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carolineleafThe hypothalamus is a central player in how the mind (soul) controls the body’s reaction to stress and foods. The hypothalamus is actually referred to as the “brain” of the endocrine system.It integrates signals from the mind and body, sending them throughout our bodies so that we can react in an appropriate and functional manner, “so that the whole body is healthy and growing and full of love.” (Eph. 4:16) 

Stage One
Stress, like real food, is not inherently bad—it depends on how we react to it. Stage one of stress is only short-term and makes us alert and ready for action. It is an appropriate response to certain situations. During this stage, corticotropin-releasing factor (CRF) is secreted from the hypothalamus and stimulates the pituitary glands to produce adrenocorticotropic hormone (ACTH). ACTH travels via the blood to the adrenal glands (above the kidneys) and stimulates them to produce the stress hormone cortisol.

On the other hand, if we react incorrectly to stress due to a “spirit of fear” (2 Tim. 1:7), our stress reaction is prolonged and becomes toxic. According to one study, increased stress can potentially increase the risk of mortality by 43 percent—but only for the individuals who believed that stress was harmful for their health. People who didn’t view stress as harmful actually decreased their risk of dying. Over the eight years of the study, the researchers estimated that the 18,200 people who died, died from the belief that stress is bad for you—that is more than two thousand deaths a year. This is a real eye-opener, because it shows that how we perceive stress determines the impact on our mental and physical health.

If you change your mind about stress, however, you can change your body’s response to stress. Instead of viewing the stress response as negative, when faced with a stressful situation you can view it as your body being energized to help you meet the challenge—rethink the stress response as helpful! Imagine your pounding heart preparing you for action; if you are breathing faster, good! You are getting more oxygen to your brain.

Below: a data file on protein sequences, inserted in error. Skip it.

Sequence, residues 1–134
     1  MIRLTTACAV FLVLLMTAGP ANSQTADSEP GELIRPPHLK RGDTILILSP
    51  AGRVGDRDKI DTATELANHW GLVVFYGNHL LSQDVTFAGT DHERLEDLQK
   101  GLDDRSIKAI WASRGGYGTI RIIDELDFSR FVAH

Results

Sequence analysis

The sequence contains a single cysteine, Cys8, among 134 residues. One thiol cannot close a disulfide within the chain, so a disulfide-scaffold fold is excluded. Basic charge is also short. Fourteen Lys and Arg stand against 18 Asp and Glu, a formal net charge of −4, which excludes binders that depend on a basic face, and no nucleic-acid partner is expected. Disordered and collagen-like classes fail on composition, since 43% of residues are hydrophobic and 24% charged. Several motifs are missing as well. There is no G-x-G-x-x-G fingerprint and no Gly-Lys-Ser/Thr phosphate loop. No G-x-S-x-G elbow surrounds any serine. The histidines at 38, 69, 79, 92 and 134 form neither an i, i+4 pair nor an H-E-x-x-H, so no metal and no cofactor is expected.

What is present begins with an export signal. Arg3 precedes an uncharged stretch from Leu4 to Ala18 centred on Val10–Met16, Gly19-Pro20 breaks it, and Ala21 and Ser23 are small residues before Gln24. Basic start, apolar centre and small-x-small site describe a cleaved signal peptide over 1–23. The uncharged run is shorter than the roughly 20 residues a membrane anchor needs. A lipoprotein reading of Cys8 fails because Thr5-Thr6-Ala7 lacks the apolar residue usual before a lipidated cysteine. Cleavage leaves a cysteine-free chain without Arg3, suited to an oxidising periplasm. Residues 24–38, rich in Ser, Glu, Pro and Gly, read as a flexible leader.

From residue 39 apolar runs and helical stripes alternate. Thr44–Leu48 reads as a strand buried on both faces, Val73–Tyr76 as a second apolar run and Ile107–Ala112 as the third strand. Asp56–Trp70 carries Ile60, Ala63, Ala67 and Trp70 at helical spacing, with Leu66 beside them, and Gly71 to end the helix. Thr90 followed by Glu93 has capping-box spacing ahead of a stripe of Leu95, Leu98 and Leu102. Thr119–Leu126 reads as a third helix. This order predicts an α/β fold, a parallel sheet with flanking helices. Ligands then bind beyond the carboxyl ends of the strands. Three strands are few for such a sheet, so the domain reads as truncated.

Stage Two
If we choose to react wrongly to a challenging situation, we will enter stage two of the stress reaction. During this stage, high levels of cortisol circulate in the blood for extended periods of time, in turn contributing to prolonged high blood sugar that can also lead to insulin resistance, pre-diabetes, and weight gain, since prolonged high levels of cortisol lead to the accumulation of fat instead of fat breakdown. 

In this toxic situation, fat tends to accumulate around the middle of the body and is a risk factor for heart disease. In fact, prolonged, high levels of cortisol can lead to Cushing’s Syndrome, with its characteristic fat accumulation around the middle and back of the human body, but not on the legs, which remain thin due to muscle wastage.

Stage Three
If we continue to release cortisol, we enter stage three of the stress reaction, which can lead to adrenal exhaustion and eventually death.

So a maladaptive stress response that arises from our perceptions of stress and from excessive Modern American Diet (MAD) sugar intake can interact to make us ill and gain weight. Likewise, both a bad stress response and elevated insulin levels from too much sugar intake feed back through the brain, especially the hypothalamus. These interactions are a profound example of the interconnected nature of the brain and body, and how both signals from our thinking (the 80 percent) and our environment, or in this case eating (the 20 percent), can influence our heath both physically and mentally.

Yet there is good news! Since the mind (soul) controls the brain, including the hypothalamus, the mind is the key to breaking the maladaptive stress/sugar cycles. We can choose with our minds how we react to the circumstances of life, including stress and the foods we choose to eat.

Source: Think and Eat Yourself Smart by Dr. Caroline Leaf
All rights reserved. Used by permission.

Author Biography

Caroline Leaf
Web site: Dr. Caroline Leaf
Dr. Caroline Leaf is a communication pathologist and cognitive neuroscientist with a Master's and Ph.D. in Communication Pathology and a BSc Logopaedics, specializing in cognitive and metacognitive neuropsychology. Since the early 1980s, she has researched the mind-brain connection, the nature of mental health, and the formation of memory. She was one of the first in her field to study how the brain can change (neuroplasticity) with directed mind input.

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